Ingredients for quantum supremacy [Draft]

Epistemic status: Summarizing research literature

Is there a task in which quantum computers can achieve beyond what any classical algorithm can do, even those yet undiscovered? The search for a rigorous, complexity-theoretic proof of the so-called quantum (computational) supremacy 1 goes back to the 2002 preprint by Terhal and DiVincenzo. Subsequent theoretical works on quantum supremacy all rule out classical simulations of certain quantum systems by arguing that if such simulations are possible, then there will be a devastating consequence, “collapse of the polynomial hierarchy (PH)”, which is deemed extremely unlikely by computer scientists. Such an argument is not known for factoring; if tomorrow someone figures out a fast way to factor integers on a classical computer 2, we will have to switch to a different encryption scheme but that’s about it. The concept of reality as we know will remain unchallenged, while a collapse of the polynomial hierarchy will bring us closer to the world in which P=NP—from Russell Impagliazzo’s A Personal View of Average-Case Complexity,

Algorithmica is the world where \(\cc{P=NP}\) or its moral equivalent (e.g., \(\cc{NP\subseteq BPP}\)). To be more concrete, let’s define Algorithmica as the world where there exists a simple and magical linear time algorithm for the SAT problem. […] this world is a computational utopia. We would be able to automate various tasks that currently require significant creativity: engineering, programming, mathematics, and perhaps even writing, composing, and painting. On the other hand, this algorithm could also be used to break cryptographic schemes, and hence almost all of the cryptographic applications currently used will disappear.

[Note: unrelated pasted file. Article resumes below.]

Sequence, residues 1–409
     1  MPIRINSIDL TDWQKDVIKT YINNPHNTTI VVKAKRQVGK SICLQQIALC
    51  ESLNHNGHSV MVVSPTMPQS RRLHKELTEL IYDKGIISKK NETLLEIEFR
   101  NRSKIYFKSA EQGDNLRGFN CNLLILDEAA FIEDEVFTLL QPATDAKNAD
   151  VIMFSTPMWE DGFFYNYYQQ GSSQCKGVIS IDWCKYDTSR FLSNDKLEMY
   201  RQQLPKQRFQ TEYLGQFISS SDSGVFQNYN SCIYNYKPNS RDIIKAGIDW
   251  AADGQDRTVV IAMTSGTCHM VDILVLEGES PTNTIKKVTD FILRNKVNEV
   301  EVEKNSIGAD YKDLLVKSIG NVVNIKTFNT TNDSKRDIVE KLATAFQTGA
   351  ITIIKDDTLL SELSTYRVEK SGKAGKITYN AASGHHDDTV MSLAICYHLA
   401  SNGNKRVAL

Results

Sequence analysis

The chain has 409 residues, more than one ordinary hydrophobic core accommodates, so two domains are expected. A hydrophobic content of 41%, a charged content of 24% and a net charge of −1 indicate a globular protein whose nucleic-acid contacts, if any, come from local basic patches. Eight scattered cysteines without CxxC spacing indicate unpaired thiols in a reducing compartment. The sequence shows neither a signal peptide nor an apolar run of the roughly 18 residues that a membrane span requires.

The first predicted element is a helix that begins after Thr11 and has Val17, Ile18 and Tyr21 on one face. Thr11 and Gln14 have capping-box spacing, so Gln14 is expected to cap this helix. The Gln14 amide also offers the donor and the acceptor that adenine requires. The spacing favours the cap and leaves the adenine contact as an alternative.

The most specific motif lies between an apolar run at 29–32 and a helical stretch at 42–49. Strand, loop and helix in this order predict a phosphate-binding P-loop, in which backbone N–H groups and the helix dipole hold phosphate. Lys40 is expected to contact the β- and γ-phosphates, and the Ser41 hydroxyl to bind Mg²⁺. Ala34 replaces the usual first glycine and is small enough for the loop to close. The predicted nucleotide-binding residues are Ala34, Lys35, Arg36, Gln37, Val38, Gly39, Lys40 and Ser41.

There are plenty of public misconceptions about quantum supremacy, as witnessed from the Google’s announcement. But in this blog post I will talk about misconceptions among scientists who are not familiar with computational complexity.

How do we go about proving the collapse of PH?

If FP is the class of problems that can be solved by a flying pig, and you have a strong reason to believe that it has a certain relationship with another complexity class, then a mathematical statement that implies the opposite of such relationship would be thought of as unlikely regardless of whether a flying pig exists or not.

Misconception 1:

NP oracle and the polynomial hierarchy

What does an NP oracle actually do?

An oracle for a problem \(O\) is a magical black box that can answer the question \(O\) with a single querying. Generally having access to an oracle boosts the power of a computational model. For instance, one can have an oracle for an undecidable problem; there is no Turing machine that can decide whether an arbitrary Turing machine halts or not, but an oracle for the halting problem (upon inputting a Turing machine \(M\)) would just give the one-bit answer HALT or NOT HALT in one step.